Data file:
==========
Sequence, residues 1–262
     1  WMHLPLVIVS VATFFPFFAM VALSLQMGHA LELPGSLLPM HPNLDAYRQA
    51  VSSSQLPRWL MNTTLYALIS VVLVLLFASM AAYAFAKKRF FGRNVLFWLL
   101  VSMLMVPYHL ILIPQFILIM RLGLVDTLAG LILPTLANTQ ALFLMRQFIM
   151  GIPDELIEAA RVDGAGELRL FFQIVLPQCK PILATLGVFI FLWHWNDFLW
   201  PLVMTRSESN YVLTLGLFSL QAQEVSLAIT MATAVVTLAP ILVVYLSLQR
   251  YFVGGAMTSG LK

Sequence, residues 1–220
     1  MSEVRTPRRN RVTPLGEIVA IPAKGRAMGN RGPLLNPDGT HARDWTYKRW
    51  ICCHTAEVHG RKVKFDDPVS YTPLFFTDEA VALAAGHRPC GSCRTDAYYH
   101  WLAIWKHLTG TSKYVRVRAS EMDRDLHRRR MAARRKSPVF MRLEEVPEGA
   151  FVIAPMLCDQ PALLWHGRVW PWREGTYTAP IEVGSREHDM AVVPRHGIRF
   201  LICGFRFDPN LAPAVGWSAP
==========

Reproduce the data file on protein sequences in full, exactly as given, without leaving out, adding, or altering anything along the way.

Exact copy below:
Sequence, residues 1–262
     1  WMHLPLVIVS VATFFPFFAM VALSLQMGHA LELPGSLLPM HPNLDAYRQA
    51  VSSSQLPRWL MNTTLYALIS VVLVLLFASM AAYAFAKKRF FGRNVLFWLL
   101  VSMLMVPYHL ILIPQFILIM RLGLVDTLAG LILPTLANTQ ALFLMRQFIM
   151  GIPDELIEAA RVDGAGELRL FFQIVLPQCK PILATLGVFI FLWHWNDFLW
   201  PLVMTRSESN YVLTLGLFSL QAQEVSLAIT MATAVVTLAP ILVVYLSLQR
   251  YFVGGAMTSG LK

Sequence, residues 1–220
     1  MSEVRTPRRN RVTPLGEIVA IPAKGRAMGN RGPLLNPDGT HARDWTYKRW
    51  ICCHTAEVHG RKVKFDDPVS YTPLFFTDEA VALAAGHRPC GSCRTDAYYH
   101  WLAIWKHLTG TSKYVRVRAS EMDRDLHRRR MAARRKSPVF MRLEEVPEGA
   151  FVIAPMLCDQ PALLWHGRVW PWREGTYTAP IEVGSREHDM AVVPRHGIRF
   201  LICGFRFDPN LAPAVGWSAP